Canada Loves These Immigrants
A recent article in the Globe and Mail caught my eye. The piece was about young, unemployed Irish tradespeople who, of late, have been flocking to Toronto in record numbers.
It’s been said that Ireland’s chief export is people and there is a tradition of Irish immigration to Toronto that dates back some 200 years. So it’s no surprise that an ailing Irish economy has given rise to an inpouring of work-hungry young men to Canada’s Queen City in search of better opportunities.
Make no mistake, this is all legal and above-board thanks to Canada’s generous International Experience visa program, which allows recipients to travel, work and live temporarily in Canada. And although this particular visa cannot be extended beyond one year it can, under the right circumstances, morph into Canadian permanent residency. If you are interested in learning more about the International Experience Canada visa program you can check out the latest edition of CICNews.
By all accounts this is a “win-win” situation. The newspaper reports that virtually all of the Irish visa holders find work within days of their arrival in Canada. And as far as Citizenship and Immigration Canada is concerned, this must all be good because since 2008 Ottawa has doubled the number of these visas offered to Irish citizens. About 5,000 will be issued this year.
Two observations come to mind. The first has to do with the commentary section that followed the Globe and Mail story. What readers had to say was overwhelmingly positive. A few examples follow:
“Welcome to the Irish!!! Come one, come all!!!”
“Welcome to Canada. May you have a wonderful life in our great country.”
“Canada needs immigration. It is only smart to try and bring in immigrants that need less costly support to get them started.”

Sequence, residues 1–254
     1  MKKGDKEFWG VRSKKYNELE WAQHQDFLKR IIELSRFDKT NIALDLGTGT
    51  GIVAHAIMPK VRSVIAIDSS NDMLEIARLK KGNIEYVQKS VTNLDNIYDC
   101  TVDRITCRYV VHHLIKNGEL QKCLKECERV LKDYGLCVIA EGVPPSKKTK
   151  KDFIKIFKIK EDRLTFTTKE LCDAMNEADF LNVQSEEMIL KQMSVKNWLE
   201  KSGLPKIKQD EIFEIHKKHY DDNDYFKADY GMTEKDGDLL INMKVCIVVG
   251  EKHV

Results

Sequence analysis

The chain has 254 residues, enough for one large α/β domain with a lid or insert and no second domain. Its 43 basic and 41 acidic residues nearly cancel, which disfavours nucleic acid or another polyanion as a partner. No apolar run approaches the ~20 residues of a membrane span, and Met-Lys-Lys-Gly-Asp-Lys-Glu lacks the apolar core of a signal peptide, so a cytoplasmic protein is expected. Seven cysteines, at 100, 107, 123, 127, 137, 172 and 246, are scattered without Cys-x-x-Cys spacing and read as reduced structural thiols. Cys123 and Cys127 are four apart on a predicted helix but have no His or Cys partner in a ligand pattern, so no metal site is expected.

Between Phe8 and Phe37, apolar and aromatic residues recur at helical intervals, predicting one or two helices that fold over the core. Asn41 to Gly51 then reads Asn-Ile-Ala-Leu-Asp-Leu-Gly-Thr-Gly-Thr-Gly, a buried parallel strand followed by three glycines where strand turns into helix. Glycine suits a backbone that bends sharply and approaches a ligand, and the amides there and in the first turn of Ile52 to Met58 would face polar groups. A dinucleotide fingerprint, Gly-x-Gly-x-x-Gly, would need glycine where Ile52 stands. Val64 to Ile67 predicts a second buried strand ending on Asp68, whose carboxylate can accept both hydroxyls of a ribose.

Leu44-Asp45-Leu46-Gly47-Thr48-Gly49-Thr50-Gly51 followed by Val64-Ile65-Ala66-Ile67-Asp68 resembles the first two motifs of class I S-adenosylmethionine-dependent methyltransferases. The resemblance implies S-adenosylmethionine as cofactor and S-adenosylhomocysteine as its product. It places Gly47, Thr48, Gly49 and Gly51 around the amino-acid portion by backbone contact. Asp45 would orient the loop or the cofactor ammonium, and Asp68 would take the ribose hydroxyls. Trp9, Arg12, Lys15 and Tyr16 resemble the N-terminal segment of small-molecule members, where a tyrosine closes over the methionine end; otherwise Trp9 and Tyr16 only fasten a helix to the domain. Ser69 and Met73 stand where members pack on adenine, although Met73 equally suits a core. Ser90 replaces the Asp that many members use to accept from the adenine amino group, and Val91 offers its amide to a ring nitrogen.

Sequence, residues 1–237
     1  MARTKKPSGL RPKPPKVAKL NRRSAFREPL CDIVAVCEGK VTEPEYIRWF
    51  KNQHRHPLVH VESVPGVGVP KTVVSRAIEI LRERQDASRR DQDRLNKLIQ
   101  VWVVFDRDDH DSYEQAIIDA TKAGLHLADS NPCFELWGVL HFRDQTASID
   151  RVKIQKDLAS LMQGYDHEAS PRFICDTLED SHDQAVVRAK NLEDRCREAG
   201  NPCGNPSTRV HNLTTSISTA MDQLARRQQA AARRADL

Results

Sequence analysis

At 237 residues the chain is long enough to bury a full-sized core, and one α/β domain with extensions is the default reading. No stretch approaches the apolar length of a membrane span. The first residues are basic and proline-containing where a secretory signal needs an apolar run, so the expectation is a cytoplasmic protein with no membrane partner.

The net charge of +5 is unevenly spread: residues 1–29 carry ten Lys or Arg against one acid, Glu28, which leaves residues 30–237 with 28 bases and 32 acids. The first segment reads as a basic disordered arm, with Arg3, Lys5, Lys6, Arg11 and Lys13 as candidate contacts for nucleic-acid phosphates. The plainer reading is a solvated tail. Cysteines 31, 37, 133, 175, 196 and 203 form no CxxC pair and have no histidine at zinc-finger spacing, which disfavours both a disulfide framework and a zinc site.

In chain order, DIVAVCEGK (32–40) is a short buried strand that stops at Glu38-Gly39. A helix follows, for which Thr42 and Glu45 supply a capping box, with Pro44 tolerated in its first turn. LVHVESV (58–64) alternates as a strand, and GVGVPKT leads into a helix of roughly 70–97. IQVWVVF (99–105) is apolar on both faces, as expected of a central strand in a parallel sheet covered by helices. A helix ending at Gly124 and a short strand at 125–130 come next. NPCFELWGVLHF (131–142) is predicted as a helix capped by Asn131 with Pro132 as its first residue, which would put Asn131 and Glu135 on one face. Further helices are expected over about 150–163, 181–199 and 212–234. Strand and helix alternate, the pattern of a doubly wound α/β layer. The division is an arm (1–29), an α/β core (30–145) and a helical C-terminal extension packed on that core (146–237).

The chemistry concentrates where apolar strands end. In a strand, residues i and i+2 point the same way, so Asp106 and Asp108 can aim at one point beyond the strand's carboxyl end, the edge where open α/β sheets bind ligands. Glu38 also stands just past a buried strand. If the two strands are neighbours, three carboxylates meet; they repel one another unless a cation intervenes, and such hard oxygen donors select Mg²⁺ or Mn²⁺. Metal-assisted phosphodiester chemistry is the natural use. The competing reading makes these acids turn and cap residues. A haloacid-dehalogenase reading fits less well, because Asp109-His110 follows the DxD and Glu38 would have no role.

Usually, newspaper articles that focus on immigration get a somewhat mixed response from those who bother to post their opinions. A common theme centers on new arrivals taking jobs that would otherwise go to Canadians. And that’s one of the milder complaints. Yes, it’s probably true that the majority of Canadians don’t harbour such negative feelings, but as a rule they don’t bother to contradict the naysayers. In this particular situation there was very little griping and lots of cheers to the idea of Irish immigration. I wonder what the comments would have looked like had the story been about a similar bunch of unemployed tradespeople from India.
The second point I want to make concerns the International Experience visa program, itself. Canada grants privileged entry to the young, and in some cases I’m sure, shiftless citizens of select countries. Noticeably absent from the list of the lucky are all of the countries that make up South Asia. Keep in mind that it’s no small number of these visas that are issued each year. Last year, more than 35,000 individuals were able to come live and work in Canada within weeks of applying. More than that, as I mentioned above, these “temporary workers” were put on a path in Canada that can lead to permanent status. Is that fair to the thousands of qualified South Asian Skilled Worker applicants, who have been waiting for years just to have their applications assessed? Here’s a suggestion for our policymakers. Put a moratorium on the International Experience visa initiative and give those 35,000 slots to the people who remain patiently in line to start new lives in Canada.